The Conjuring 2

“The Conjuring 2”

Warner Bros. Pictures

“The Conjuring” is rife with scares, and Wan scales them with ease throughout the film, from the chills of the Perron family’s “hide and clap” game, which is unsettling from the start, before giving way to a full-scale nightmare sequence, to a no-holds-barred exorcism scene that ranks among the best in the genre. Mixing up the scary stuff and not just honing in on one style or one jump scare helps “The Conjuring” ably deliver its most chilling coup: the pervasive sense of dread that never, ever abates.

And while “The Conjuring” doesn’t shy away from the depth of the Warrens’ experience in the realm of the creepy and crawly, it’s an element that is played to add to the story at hand, not just to build up the possibility of future features. “The Conjuring,” taken on its own, is still a great, multi-faceted horror offering with scares to spare. Wan adapted those same ideas to “The Conjuring 2,” which presents another beleaguered (and bedeviled?) family in a house of horrors, one that can presumably only be saved by the Warrens. Despite the similar plot, “The Conjuring 2” feels very different than its predecessor — in many ways, less grounded, but still with scares that stem from psychological wounds more than weirdos in the basement — and it continues to push out the legend of both the Warrens and the kind of insane terror they deal with as a matter of profession.

The “Annabelle” films are also nimble beasts, jumping from the obvious aims of “Annabelle” (which takes place just before the events of “The Conjuring” and ends a different perspective to the tale of the possessed doll) to the more traditional origin story of “Annabelle: Creation” (which still packs in a few shockers, mainly that Annabelle the doll was always creepy).

2. Flexible Release Dates

The signature release date pattern has snared such major franchises as “Star Wars” (May, then December, then back to May ) and the Marvel Cinematic Universe (early May as old reliable, with more dates added to accommodate the ever-growing series) in recent years, “The Conjuring” franchise has mostly avoided it, along with the pervasive belief that fall is the most obvious home for scary stuff (Halloween and all that).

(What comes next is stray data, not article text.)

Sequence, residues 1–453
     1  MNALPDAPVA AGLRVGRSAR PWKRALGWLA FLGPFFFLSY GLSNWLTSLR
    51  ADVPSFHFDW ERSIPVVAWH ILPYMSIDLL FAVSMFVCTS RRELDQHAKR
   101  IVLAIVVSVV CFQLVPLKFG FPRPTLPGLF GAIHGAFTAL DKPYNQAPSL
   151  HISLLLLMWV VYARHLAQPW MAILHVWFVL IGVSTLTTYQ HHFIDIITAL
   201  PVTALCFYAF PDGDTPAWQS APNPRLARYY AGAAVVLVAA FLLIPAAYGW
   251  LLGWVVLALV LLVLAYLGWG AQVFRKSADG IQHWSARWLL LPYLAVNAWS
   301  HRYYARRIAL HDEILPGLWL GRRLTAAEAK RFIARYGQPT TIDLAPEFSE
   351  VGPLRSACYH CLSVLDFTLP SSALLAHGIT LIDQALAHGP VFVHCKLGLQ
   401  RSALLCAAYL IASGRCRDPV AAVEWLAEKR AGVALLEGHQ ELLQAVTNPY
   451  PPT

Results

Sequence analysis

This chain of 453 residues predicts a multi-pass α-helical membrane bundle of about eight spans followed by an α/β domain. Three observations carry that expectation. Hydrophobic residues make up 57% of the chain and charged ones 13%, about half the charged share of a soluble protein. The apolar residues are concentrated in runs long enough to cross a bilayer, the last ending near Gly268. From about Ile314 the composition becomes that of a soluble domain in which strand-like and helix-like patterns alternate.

Instead, “The Conjuring” movies have hit all over the map, from June to July, August to October, honing in on spots in the calendar left blank by obvious competition (save for “Annabelle,” which fell to “Gone Girl” back in 2014) and primed for something terrifyingly new. This summer in particular has been packed with superhero offerings and franchise-starters, and the mid-August release of “Annabelle: Creation” — a sequel, to be sure, but one that doesn’t require advance understanding — looked like a welcome respite at the end of a season sputtering into its final weeks. At the very least, it was something different. That’s something that’s been in short supply.

3. Spinning Off Whatever Works

That doll that freaked everyone out? Sequel. The nun that left a major mark in the sequel? Spinoff. A slender folk monster that became the big bad of the second film? He’s already got his own feature in development.

“The Conjuring 2”

“The Conjuring” series is aces at the two-pronged attack: crafting terrifying characters that can live inside one film, before breaking out to head up their very own feature. Annabelle was a side character in a side story from the first “Conjuring,” but the mythos behind the haunted doll was freaky enough to inspire its own series. Similarly, both the nun and the crooked man were key supporting characters in “The Conjuring 2” that left a big enough mark to engender their own features, with “The Nun” teed up for a 2018 release and “The Crooked Man” currently in development. Beyond just relying on the Warrens and their stories to spark sequels and spinoffs, The Conjuring Universe takes what works and explodes it out to its creepiest possible end.

4. Genuine Scares

We’ll just leave this right here.

It’s The Conjuring Universe. We’re just living in it — screaming our way through each installment, always eager for the next one.